These people are workers and they should enjoy proper working conditions. I received an email from one of them before Christmas. It states:

This morning I came off doing a 24hr duty. I'll get an extra 20euro next month for it. But after I drive there which costs about 10euro then I make half that. But it's not the money. It's the time away from my family over xmas. Would any of you wor[k] for 24hrs for 20euro extra?? Not likely. I sleep o[n] my friends sofa because I have nowhere to go most nights. I am on the verge of suicide ... I fell helpless and lost. I tried a 2nd job but that's more time away from my kids ...

How does the Minister of State expect workers to continue without the legal protections which would ensure that, even in the unique context of the Defence Forces, they would have proper time to rest and ensure that they are compensated when they have to work extra time?

I assure the Deputy that this is an absolute priority for me, the Department and the Defence Forces. As stated, several legal cases are ongoing and I must be very careful in the language that I use. However, the current situation must be contextualised. Legal actions are pending in respect of the application of the working time directive in very specific circumstances. I note what the Deputy said about 24-hour duty. We have made a submission on this to the Public Service Pay Commission, which I hope it will consider. A great deal of work has been done to date but more is required. Discussions between the Defence Forces and the representative associations will continue. The civil-military group has been established. The military understands that it must report back to Department shortly. I am very conscious that the representative associations must be kept informed of exactly what is happening at every juncture.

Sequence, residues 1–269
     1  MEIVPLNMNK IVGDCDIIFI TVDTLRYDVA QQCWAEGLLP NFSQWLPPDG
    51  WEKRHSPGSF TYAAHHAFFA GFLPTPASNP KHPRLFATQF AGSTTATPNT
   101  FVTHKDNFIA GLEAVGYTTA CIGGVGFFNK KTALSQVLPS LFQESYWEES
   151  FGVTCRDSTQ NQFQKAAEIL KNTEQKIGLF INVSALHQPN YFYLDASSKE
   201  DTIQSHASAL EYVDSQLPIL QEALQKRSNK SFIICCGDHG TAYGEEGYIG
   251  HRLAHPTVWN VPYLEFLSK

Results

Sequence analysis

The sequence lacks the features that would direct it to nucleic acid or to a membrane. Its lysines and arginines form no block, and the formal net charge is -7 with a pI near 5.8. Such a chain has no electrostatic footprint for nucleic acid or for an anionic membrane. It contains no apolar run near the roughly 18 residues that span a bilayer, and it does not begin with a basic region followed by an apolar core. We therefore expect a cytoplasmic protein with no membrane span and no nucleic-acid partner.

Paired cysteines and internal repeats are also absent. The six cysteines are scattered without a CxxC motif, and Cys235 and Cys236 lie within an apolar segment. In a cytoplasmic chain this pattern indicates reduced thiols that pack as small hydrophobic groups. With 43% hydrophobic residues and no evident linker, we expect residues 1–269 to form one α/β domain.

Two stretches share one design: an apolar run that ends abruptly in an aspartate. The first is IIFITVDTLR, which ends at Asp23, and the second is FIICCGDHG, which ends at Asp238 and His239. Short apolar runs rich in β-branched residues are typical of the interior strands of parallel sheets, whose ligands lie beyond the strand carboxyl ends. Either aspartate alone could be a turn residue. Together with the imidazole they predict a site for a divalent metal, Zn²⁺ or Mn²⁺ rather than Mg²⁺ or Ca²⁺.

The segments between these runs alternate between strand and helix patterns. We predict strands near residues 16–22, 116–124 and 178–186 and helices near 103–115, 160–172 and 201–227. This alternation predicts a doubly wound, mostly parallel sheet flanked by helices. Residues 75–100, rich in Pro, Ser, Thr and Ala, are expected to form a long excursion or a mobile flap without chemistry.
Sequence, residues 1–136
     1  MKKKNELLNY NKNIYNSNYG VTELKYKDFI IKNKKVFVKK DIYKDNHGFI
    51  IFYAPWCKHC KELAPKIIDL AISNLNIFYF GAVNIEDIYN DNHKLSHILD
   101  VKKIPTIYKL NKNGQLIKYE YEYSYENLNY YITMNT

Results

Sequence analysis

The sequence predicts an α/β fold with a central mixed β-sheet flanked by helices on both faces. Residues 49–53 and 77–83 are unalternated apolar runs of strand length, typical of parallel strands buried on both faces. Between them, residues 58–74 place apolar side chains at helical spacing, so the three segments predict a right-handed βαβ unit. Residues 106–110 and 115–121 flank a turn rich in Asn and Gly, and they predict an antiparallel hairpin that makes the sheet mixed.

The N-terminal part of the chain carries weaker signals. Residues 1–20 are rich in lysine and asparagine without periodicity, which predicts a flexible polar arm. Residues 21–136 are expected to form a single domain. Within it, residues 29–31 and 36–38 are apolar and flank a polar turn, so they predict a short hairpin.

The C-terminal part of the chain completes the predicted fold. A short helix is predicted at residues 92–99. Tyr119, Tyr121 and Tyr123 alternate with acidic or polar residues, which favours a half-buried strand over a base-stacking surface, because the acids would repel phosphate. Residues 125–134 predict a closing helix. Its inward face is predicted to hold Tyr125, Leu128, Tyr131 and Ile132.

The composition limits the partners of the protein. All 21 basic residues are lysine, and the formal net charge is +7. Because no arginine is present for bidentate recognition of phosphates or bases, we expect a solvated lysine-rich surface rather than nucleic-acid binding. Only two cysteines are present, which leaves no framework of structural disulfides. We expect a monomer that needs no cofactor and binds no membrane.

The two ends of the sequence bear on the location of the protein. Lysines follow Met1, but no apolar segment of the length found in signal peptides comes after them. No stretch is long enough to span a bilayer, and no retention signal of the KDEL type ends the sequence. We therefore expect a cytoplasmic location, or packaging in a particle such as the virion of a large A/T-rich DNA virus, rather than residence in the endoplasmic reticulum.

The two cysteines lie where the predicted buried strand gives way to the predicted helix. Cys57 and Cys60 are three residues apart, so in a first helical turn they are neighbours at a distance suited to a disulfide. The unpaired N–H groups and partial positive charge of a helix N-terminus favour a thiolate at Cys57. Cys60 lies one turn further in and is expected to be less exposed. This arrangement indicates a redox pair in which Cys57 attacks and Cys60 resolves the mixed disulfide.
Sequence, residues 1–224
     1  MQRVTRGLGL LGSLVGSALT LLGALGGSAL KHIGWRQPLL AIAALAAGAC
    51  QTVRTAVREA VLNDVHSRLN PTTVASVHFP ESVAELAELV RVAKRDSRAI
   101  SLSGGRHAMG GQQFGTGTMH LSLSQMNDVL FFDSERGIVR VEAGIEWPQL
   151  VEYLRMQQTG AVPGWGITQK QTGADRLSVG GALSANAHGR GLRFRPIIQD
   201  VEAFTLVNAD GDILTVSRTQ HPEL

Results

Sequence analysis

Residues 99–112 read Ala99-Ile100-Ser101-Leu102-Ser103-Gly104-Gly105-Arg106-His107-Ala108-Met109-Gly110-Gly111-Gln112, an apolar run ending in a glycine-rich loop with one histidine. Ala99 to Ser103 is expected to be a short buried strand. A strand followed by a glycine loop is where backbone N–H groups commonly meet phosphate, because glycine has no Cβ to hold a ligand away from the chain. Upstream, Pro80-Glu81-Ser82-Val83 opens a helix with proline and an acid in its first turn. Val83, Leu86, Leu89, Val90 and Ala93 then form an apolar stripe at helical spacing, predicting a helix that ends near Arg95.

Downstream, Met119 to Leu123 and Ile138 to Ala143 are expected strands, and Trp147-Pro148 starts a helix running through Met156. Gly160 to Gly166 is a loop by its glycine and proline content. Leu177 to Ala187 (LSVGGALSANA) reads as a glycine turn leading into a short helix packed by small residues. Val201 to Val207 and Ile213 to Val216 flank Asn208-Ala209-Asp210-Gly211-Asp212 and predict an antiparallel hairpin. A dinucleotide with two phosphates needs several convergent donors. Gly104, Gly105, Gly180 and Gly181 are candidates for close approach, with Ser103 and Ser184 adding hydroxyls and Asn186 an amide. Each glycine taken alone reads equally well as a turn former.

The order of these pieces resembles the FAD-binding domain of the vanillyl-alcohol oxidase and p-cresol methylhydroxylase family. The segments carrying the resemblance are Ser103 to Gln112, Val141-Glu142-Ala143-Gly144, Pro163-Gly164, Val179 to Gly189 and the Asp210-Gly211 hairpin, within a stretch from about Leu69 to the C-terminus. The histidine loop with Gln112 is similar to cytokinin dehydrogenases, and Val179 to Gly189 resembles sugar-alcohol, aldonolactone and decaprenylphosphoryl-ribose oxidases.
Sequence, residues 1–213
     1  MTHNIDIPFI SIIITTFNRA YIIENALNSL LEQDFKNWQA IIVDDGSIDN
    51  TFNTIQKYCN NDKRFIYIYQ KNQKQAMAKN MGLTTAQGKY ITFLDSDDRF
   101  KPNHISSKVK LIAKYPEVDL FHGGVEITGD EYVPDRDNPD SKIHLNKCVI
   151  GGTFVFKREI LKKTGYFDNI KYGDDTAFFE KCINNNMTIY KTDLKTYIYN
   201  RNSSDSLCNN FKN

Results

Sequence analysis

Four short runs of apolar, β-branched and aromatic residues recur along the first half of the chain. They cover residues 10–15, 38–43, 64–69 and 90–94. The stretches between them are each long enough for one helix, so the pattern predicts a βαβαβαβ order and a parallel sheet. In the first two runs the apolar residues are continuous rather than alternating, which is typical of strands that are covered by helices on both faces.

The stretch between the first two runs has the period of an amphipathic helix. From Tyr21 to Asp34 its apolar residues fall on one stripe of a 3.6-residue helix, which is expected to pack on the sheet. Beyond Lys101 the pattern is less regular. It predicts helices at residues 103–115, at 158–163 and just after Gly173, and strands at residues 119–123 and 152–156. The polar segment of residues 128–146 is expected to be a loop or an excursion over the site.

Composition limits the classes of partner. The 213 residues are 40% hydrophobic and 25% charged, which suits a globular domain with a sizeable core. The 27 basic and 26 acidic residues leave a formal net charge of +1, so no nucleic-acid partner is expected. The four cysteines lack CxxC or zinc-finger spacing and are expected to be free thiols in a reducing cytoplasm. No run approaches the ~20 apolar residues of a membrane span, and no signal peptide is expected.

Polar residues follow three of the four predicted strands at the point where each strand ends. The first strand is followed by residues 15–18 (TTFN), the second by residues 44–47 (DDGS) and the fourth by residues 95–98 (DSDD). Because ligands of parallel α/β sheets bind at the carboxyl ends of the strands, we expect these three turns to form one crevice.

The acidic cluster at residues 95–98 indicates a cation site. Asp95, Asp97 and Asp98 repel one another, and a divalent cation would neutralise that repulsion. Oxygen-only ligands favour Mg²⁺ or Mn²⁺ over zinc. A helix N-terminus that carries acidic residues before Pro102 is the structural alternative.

There is also a legislative aspect to this matter. That is being dealt with my colleague, the Minister for Employment Affairs and Social Protection, Deputy Regina Doherty.

I understand the complexity and uniqueness of this situation. However, there is frustration among members of the Defence Forces at the complete lack of progress on all the points they have highlighted. I attended the Representative Association for Commissioned Officers, RACO, conference at the end of November. The association hosted representatives from abroad, including from the Swedish navy. They showed how the working time directive can work in times when a state is not at war or when its army is on stand-by or deployed. What is done elsewhere can also be done here without there being an impact on the cases that are before the courts. No one is asking the Minister of State to comment on those cases, but we must know when the legislation will be forthcoming. When will we see the heads of the Bill? If the heads are published, they can be debated by the Joint Committee on Foreign Affairs and Trade, and Defence, and that may inform the Minister of State's final version of the Bill when it comes to be presented. What I am suggesting would mean that, at the very least, a message would go out to the effect that progress is being made. The key question is when this will happen. Stating that it will come in time is not the answer.

I will return to the Deputy with timelines for the legislation. I will correspond with him over the next week or so. Considerable progress is being made, even if the representative associations might not see it like that. I assure the Deputy that a great deal of work is being done on the civil-military side. As stated, the military side is due to report to the Department on this shortly. We must look at work practices and activities, and at the needs of the organisation. There are a great many issues. It is no good to say implement the working time directive if there is some sort of weather emergency or whatever. It is necessary to ensure that all work arrangements meet all provisions of the organisation and that we engage in dialogue. I assure the Deputy that there is dialogue with the representative associations. I want to ensure that this continues, that we resolve the matter of the working time directive and that we pass the legislation. This also effects An Garda Síochána.

Gardaí are paid overtime.

It is a priority for both myself and the organisation, for the civil and military side.

Defence Forces Contracts

Jack Chambers

Ceist:

3. Deputy Jack Chambers asked the Taoiseach and Minister for Defence if a review of the 1994 contracts for members of the Defence Forces is to take place; and if he will make a statement on the matter. [2191/19]

A very worrying scenario may occur in the next 12 months unless we update the policy position relating to this matter.